Terminal 2 de l'aéroport Paris CDG. Terminal 2 of Paris CDG airport.

We are still far from reaching the pre-pandemic level of traffic, with experts agreeing that we will have to wait until 2024 to reach performances similar to 2019. However, since the summer of 2021, there has been a slight upturn in traffic, which seems to be confirmed month by month for the time being. This summer, both Europe and France have returned to a level of passenger traffic that is 50% below that of 2019, whereas in March, traffic was only just over 10% of its pre-pandemic level. It could even reach 60% of the 2019 level in the last months of the year.

Cautious optimism is the order of the day. An optimism now supported by the planned reopening of borders outside Europe. November will indeed see the opening to foreign travellers of the United States, India, Thailand

, Mauritius and Chile. They join Canada, Peru, Brazil, Mexico, Ukraine, Egypt, South Africa and Ethiopia. Airlines are reporting good booking rates on long-haul routes.

However, in spite of these openings, the experts evoke the horizon 2023 – at least – for a return to the figures of 2019. This is because there are still many unknowns, such as the resurgence of the pandemic. Or the absence of important air markets such as China, Japan, Vietnam or Australia, whose entry into their respective territories remains, if not restricted, sometimes impossible. ” Asia remains permanently closed and in Africa there are still major restrictions,” says Anne Rigail, CEO ofAir France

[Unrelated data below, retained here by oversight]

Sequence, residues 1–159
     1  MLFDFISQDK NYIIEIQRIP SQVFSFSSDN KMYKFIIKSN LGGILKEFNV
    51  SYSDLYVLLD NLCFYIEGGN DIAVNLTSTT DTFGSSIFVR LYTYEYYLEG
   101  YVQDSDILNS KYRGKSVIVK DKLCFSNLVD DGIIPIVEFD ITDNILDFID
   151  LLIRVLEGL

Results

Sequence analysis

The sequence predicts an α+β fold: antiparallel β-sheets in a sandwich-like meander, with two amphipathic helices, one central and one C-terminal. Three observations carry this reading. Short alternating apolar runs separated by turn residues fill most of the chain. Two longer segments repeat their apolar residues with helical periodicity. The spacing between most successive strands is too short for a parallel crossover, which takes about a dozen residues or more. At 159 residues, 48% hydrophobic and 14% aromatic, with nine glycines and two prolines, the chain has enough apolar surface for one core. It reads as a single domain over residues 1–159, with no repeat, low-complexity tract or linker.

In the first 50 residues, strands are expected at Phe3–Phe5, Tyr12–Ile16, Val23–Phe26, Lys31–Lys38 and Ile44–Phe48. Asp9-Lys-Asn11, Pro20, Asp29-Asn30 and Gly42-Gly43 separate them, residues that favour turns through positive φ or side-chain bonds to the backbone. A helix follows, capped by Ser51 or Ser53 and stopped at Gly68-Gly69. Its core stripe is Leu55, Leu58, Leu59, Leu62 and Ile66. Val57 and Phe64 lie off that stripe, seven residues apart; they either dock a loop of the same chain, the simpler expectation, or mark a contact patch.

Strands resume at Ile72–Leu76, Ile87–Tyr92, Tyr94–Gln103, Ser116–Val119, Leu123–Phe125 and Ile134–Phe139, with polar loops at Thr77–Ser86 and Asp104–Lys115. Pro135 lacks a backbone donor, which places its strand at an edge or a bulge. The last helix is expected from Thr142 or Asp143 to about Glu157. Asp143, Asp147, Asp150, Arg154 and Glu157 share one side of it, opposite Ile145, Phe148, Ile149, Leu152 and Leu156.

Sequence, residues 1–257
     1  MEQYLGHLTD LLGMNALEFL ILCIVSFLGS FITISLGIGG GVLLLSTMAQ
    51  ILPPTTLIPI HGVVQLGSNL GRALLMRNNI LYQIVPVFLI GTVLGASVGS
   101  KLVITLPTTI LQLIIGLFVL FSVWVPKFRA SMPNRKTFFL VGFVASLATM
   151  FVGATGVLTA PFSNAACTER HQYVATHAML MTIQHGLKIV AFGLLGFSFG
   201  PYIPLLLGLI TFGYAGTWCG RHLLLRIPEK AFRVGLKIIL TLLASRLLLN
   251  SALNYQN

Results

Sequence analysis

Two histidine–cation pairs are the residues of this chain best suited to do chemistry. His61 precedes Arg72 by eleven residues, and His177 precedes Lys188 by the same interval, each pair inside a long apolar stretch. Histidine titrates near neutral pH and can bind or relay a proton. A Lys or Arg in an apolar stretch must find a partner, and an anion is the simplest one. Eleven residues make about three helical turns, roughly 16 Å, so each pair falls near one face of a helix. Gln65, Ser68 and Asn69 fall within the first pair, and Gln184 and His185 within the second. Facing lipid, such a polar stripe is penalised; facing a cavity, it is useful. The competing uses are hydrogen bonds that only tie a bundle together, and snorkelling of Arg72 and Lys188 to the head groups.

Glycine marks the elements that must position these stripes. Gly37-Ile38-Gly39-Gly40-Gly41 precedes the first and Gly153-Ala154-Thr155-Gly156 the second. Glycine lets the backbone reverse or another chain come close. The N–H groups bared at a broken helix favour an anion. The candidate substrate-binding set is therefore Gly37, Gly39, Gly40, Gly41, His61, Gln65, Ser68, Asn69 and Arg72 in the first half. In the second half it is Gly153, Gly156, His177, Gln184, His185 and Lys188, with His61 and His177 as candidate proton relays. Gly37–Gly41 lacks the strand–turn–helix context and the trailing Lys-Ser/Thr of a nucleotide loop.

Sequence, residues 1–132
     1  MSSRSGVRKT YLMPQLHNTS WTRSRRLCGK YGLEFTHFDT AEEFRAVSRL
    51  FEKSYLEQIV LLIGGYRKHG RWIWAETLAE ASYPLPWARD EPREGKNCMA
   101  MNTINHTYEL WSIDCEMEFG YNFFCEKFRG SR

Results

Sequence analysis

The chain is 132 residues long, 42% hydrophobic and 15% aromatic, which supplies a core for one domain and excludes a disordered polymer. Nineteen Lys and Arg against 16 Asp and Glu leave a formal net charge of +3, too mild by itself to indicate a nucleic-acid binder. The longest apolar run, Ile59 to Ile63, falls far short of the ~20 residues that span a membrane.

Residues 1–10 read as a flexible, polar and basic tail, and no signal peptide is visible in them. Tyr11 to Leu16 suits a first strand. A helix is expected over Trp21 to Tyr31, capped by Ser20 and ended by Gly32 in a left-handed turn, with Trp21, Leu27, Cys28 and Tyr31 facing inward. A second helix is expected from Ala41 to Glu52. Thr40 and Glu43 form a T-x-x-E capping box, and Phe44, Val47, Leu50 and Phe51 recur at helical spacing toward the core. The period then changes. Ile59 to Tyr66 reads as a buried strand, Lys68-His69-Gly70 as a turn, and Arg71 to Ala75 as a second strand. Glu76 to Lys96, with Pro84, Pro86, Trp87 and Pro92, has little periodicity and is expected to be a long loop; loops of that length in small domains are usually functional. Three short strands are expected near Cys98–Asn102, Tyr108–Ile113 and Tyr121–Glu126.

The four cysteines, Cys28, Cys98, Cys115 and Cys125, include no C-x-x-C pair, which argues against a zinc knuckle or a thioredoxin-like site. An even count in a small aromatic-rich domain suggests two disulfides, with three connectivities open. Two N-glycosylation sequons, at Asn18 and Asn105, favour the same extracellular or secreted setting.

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. Added to this is the unknown fact that the recovery in international business travel is slower than expected.

All these factors indicate that, although the recovery is here, it still needs to be strengthened. Growth in air transport is still a long-term objective. ” Because we are not immune to a return of the pandemic, as we are seeing in certain countries such as the United Kingdom, Bulgaria and Romania. We therefore have very little visibility after Christmas. However, forecasting remains essential to our economic models“, analyses Alain Battisti, President of the French National Federation of Merchant Aviation (FNAM).